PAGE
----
In Colorado’s largest wilderness area, one should expect many wonders. The Weminuche sprawls nearly 500,000 acres in the state’s southwest quadrant, serving as a majestic showcase of San Juan country. The peaks are jagged, the rock faces humbling, the waterfalls as dreamy as the alpine lakes they feed, the forests dense and in the summer alive with multicolored wildflowers.
Nature continues its cycle in the burn scar of the 2013 West Fork fire. Only people threaten to disrupt.
They start at the West Fork Trail, No. 561, bound for geothermal waters known as Rainbow Hot Springs. Descriptions of the journey — some say 5 miles one way, others say 6, with the round-trip elevation gain close to 2,000 feet — are found across the web and in the hot springs guidebook of Deborah Frazier.
“You’ll need a good soak,” she writes of the hike, a test even for the fittest and strongest-willed, “but you may have to stand in line for a place in the pool.” On one August trip, she was “astonished” to find a “tentopolis” — campers all around the San Juan River with their barking dogs. A certain scent let Frazier know that an ethic was being disobeyed, that waste was not being buried. People bathed in the hot springs and washed dishes, surely angering any native spirits lingering in a once-sacred place.
Alas, even the Weminuche is not immune to the West’s wilderness problem. Signs of man’s intrusion are found early: cabins near Borns Lake, private property signs posted all around. Owners take residence in the summer, and while crowds are largest then, it is the safest season to visit. In the spring, the river washes over the pools and makes wading dangerous, though on the way in, land managers built bridges after one backpacker’s death. In the winter, the trail is difficult to find, though horses and hunters have been known to leave tracks.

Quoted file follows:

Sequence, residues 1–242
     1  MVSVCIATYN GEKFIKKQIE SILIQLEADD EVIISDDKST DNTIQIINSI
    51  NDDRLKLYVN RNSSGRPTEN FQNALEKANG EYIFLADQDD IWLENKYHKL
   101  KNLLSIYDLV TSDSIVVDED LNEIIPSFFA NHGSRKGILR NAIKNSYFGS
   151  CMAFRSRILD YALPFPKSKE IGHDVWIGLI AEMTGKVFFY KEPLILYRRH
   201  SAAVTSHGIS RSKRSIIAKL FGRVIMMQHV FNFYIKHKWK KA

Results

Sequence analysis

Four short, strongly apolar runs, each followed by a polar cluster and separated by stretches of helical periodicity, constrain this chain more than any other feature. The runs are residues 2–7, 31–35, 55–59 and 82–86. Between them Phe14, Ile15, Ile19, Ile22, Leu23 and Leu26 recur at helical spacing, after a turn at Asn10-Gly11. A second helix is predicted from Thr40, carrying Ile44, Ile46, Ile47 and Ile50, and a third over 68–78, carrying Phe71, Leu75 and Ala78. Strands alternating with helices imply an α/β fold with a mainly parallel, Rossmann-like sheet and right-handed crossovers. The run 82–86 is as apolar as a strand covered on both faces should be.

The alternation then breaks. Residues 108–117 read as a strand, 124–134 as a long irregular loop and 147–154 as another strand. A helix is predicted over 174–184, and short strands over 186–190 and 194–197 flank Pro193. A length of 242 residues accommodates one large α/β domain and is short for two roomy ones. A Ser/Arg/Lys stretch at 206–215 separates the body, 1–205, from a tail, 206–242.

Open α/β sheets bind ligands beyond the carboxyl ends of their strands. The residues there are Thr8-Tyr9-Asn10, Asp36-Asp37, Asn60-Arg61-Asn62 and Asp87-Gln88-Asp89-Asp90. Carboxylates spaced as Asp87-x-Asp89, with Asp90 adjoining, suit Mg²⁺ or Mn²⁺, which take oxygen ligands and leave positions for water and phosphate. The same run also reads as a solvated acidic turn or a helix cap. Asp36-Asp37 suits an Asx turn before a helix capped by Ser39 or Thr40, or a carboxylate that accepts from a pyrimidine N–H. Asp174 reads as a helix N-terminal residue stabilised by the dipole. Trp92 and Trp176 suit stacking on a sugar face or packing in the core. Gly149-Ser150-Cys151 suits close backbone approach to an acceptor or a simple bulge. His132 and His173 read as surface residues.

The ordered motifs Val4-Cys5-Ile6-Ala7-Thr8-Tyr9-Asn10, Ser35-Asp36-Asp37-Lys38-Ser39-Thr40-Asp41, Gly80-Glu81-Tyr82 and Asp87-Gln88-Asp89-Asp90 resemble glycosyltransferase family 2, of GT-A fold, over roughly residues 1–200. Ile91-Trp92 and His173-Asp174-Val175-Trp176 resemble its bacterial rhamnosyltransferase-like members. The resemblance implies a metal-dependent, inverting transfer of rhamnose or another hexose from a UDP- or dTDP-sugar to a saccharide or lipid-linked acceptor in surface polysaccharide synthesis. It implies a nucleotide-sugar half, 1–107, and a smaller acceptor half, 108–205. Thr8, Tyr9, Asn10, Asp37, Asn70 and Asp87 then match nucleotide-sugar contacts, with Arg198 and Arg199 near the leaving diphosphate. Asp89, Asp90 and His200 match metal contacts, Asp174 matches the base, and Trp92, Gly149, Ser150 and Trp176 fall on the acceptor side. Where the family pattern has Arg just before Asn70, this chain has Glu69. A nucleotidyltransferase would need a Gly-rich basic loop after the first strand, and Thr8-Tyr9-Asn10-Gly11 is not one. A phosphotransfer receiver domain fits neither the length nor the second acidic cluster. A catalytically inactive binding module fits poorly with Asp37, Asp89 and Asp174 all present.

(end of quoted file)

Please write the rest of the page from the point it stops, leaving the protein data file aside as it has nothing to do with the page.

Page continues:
With the downed timber in the fire’s wake and amid a beetle kill epidemic, the trail reportedly has been obstructed in recent times, its several splits easy to miss. The hot springs’ seekers have been known to wander deeper into the Weminuche. Anyone advertising Rainbow Hot Springs can’t stress enough: Be prepared, and do your research.
A “tentopolis” might let you know you’ve arrived. The “main pool,” said to fit eight to 10 people, is at the bottom of a steep hill, down by the river. Smaller spots are found by the rocks forming them and controlling temperatures. For something far less primitive but far more convenient, see about commercial hot springs in the nearest town of Pagosa Springs.
FYI: Foot and horse traffic only in wilderness areas. Trail has been closed at times in recent years. Before visiting, call the Pagosa Ranger District: 970-264-2268.
Getting there: Going south on Interstate 25, exit for U.S. 160 west and follow through the town of South Fork, continuing on the highway as it becomes Wolf Creek Pass. Look right for Forest Road 648, West Fork Road, and follow to the West Fork Campground. The road goes to the West Fork trailhead.
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